Saturday, 31 March 2018

"The Stolen girl" and "the French sultana" both explore the legend of Naksidil the French woman in the Turkish imperial harem

According to legends two French girls in the West Indies had their fortune told and were both assured they would be queens. Years later one of them becomes the wife of the French emperor Napoleon Bonaparte. Her niece however disappears during a sea voyage. She ends up being sold into the imperial harem in Istanbul. Although there is hardly any historical evidence to this legend it is told in many books.

The first novel is a story about a French woman who became the favourite of two sultans and the mother of a third. The history of that era is known and described in book 2. This however is the romanticised prequel to real history and it is a delight to read if you like historical romance novels. The first wife however would in real life have ended up on the bottom of the Bosporus.

The second novel in the series somehow reads different. Maybe because the writer had to stick to history and maybe because it spans many years.  I am quite familiar with this era in Turkish history what influenced the suspense side of the story. In general it feels more like a history book than a novel. What makes Selim so attractive? How do the women react on sharing the same man? Not that much explored. The people do not really come to life. But if you are interested in history it is a lovely way to catch up on Napoleon and France and on the lives of the sultans.

 More then 20 years ago I read another novel about this legend - serialised in a magazine - and that was a lot better.

Monday, 26 March 2018

"Reign of the Marionettes": a history book disguised as a novel - review

When I opted to review "Reign of the Marionettes" I was under the impression is was a historical romance. When I was a few chapters in, I thought it would be an adventure story. It is not. "Reign of the Marionettes" is the account of the real lives and history of a group of people living around 1680 and deals with plotting and scheming.It is more a history book disguised as a novel.

Sometimes this can make the book slow and particularly in the beginning it is full with dialogues (talking heads) and many, many different people. But when you arrive at the second half the stage is set and as a lawyer it had me fascinated how difficult it turned out for people to prove they were innocent.

Imagine yourself in the England of those days. You have grown up in a country ruled by a Puritan dictator who came to power after the king was beheaded in a civil war in which the Catholic French queen of that king was the opposition of the party that won. Catholics are not the most popular people in a situation like that. But to make matters worse your family lore will still tell about Bloody Mary, the queen who ruled when the grandparents of your parents lived and who burned protestants in droves at the stake. And not only her but in continental Europe the same happened. You will fear Catholics because when they would come to power what would happen to you?

And now the royal house is restored on the throne, the queen is barren and the next in line, the brother of the king, marries a Catholic!!!!! Italian princess. You might trust that Prince James but what of his heirs?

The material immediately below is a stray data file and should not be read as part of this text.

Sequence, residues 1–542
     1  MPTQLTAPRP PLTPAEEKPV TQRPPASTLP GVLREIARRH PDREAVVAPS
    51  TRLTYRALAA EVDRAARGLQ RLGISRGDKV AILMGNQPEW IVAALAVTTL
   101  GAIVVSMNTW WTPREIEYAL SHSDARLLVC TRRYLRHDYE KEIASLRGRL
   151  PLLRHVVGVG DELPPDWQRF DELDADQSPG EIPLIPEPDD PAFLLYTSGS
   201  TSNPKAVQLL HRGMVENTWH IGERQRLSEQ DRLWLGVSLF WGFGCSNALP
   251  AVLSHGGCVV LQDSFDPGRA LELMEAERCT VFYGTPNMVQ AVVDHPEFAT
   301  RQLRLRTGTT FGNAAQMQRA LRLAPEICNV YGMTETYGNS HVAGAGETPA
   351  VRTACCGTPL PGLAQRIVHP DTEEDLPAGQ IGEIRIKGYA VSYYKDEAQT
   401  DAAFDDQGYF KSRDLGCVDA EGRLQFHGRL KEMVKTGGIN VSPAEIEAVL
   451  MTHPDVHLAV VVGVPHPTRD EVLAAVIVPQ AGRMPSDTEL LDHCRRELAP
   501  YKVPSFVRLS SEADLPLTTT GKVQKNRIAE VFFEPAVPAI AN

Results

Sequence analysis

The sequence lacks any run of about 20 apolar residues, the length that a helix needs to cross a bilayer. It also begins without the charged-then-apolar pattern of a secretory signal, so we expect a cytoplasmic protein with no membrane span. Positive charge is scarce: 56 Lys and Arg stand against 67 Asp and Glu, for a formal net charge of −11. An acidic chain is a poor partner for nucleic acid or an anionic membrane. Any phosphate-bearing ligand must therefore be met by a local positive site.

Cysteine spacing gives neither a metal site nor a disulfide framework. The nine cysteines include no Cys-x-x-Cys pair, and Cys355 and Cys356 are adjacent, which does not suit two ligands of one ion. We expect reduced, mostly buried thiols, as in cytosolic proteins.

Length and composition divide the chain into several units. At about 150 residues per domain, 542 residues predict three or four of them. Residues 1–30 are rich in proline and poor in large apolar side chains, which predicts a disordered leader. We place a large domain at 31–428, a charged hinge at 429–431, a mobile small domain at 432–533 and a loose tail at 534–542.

This is the situation in the period the book is set in. Britain is a parliamentary monarchy: parliament has to give power to the king. He is not an absolute king like for instance the French ones. One of his closest advisors discovers he is not informed about a secret treaty with France and regards the king from now on an enemy.

Titus Oates
In the meantime some nasty piece of shit, called Titus Oates, tries to get himself elevated by telling lies about people and stabbing people who helped him in the back.

The result is what is called the "Popist Plot" and all of a sudden every Catholic but also everyone else has to fear for his life.

Opposite of the "bad guys" we follow Elisabeth countess of Powis who has to fight to save her husband's life.

Because of the multitude of people in the novel it is, particularly at the beginning, difficult to identify with one. Only because I looked something up on Wikipedia (I am not British) I discovered that everyone in the book is a real person and that the novel follows history, That discovery made me look quite different at this novel and I would suggest the publishers to made this very clear at the beginning of the book and in the sales description. It really makes you appreciate it a lot more. (You do not see the byline on the cover on Kindle)

The book made me look different at king Charles II. For me as a Dutch person he is the one who after he had a safe place of refuge for years in Holland to start multiple wars against Holland as soon as he was king of England. He also seemed a very mercurial man who changed alliances as another person changes socks. Here we see also glimpses of Charles the husband. Yes he had a lot of mistresses and illegitimate children. But when he can save his royal house by divorcing his barren queen he bluntly refuses and refuses and refuses. He had acknowledged his bastards and gave them a decent royal upbringing and made sure his mistresses were looked after. In those days a mistress was regarded quite a normal thing to have. Remember most marriages were once of convenience and only done for diplomatic purposes. But when you study history a bit more it seemed Charles really cared for his Portuguese wife. I had tears in my eyes when people are gossiping in the story that the queen is seen in the royal nursery cuddling and playing with the royal bastards. Imagine to have to live as a queen who fails the only thing she has to do: birth an heir and longing so much for a child you go and cuddle the children your husband has with other women.

When you have concluded the novel take some time to google Elisabeth Powis, Titus Oates and the others to find out what happened afterwards (AND to see what they looked like as there are plenty of paintings). My thoughts were that I am very glad I did not live in those days in Britain.

Interesting read though (as a history book) and the price for the Kindle is very friendly.

Friday, 23 March 2018

"Indiscretion" transports us to 1950ties Franco Spain - book review

Alexandra de Falla is half English and half Spanish.She has lived quite a sheltered life in London. She has been raised by her English aunt as her mother divorced her Spanish father and died and then the war happened.